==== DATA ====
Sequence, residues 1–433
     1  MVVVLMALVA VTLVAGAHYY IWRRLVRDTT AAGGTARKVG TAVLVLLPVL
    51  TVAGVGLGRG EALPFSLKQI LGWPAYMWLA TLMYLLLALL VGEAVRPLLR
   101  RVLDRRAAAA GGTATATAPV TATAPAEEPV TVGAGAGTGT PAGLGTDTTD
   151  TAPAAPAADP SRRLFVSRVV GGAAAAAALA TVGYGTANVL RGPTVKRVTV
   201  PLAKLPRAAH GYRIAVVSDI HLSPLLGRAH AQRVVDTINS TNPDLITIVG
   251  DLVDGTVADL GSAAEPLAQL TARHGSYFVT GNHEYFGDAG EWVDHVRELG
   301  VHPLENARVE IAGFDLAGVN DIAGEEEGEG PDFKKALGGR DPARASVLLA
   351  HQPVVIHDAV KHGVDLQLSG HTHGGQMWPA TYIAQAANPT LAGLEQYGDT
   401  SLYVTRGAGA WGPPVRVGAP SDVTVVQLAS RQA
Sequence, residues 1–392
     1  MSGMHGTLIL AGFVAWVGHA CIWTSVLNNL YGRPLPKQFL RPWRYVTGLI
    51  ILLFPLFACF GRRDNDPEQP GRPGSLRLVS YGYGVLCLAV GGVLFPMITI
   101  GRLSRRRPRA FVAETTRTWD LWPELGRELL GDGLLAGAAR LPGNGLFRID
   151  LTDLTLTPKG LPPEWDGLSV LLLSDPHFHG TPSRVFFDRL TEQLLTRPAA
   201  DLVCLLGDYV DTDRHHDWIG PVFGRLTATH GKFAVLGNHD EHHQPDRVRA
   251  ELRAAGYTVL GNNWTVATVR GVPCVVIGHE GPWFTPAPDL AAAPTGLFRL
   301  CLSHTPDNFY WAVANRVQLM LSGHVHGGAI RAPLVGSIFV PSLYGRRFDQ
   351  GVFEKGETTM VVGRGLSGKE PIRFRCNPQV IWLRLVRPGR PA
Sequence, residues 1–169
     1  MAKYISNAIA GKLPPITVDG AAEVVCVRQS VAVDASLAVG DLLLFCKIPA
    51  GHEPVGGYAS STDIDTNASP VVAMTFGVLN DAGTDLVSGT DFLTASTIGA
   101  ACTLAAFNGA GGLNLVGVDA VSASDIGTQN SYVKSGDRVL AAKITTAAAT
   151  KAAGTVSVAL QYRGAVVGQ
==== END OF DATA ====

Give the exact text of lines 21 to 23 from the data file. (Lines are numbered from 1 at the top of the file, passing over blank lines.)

     1  MAKYISNAIA GKLPPITVDG AAEVVCVRQS VAVDASLAVG DLLLFCKIPA
    51  GHEPVGGYAS STDIDTNASP VVAMTFGVLN DAGTDLVSGT DFLTASTIGA
   101  ACTLAAFNGA GGLNLVGVDA VSASDIGTQN SYVKSGDRVL AAKITTAAAT